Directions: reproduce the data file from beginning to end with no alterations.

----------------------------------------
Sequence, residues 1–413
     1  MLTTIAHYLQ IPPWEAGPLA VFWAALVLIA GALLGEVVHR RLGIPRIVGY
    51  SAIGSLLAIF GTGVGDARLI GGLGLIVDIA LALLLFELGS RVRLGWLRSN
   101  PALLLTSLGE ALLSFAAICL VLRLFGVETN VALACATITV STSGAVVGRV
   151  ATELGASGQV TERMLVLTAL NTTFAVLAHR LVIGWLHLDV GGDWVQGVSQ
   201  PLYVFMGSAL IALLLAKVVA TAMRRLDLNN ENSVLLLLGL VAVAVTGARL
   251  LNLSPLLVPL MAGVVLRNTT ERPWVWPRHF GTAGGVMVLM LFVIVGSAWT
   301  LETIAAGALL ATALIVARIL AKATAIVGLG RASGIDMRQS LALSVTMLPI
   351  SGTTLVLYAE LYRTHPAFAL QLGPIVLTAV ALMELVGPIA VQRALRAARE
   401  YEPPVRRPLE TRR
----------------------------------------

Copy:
Sequence, residues 1–413
     1  MLTTIAHYLQ IPPWEAGPLA VFWAALVLIA GALLGEVVHR RLGIPRIVGY
    51  SAIGSLLAIF GTGVGDARLI GGLGLIVDIA LALLLFELGS RVRLGWLRSN
   101  PALLLTSLGE ALLSFAAICL VLRLFGVETN VALACATITV STSGAVVGRV
   151  ATELGASGQV TERMLVLTAL NTTFAVLAHR LVIGWLHLDV GGDWVQGVSQ
   201  PLYVFMGSAL IALLLAKVVA TAMRRLDLNN ENSVLLLLGL VAVAVTGARL
   251  LNLSPLLVPL MAGVVLRNTT ERPWVWPRHF GTAGGVMVLM LFVIVGSAWT
   301  LETIAAGALL ATALIVARIL AKATAIVGLG RASGIDMRQS LALSVTMLPI
   351  SGTTLVLYAE LYRTHPAFAL QLGPIVLTAV ALMELVGPIA VQRALRAARE
   401  YEPPVRRPLE TRR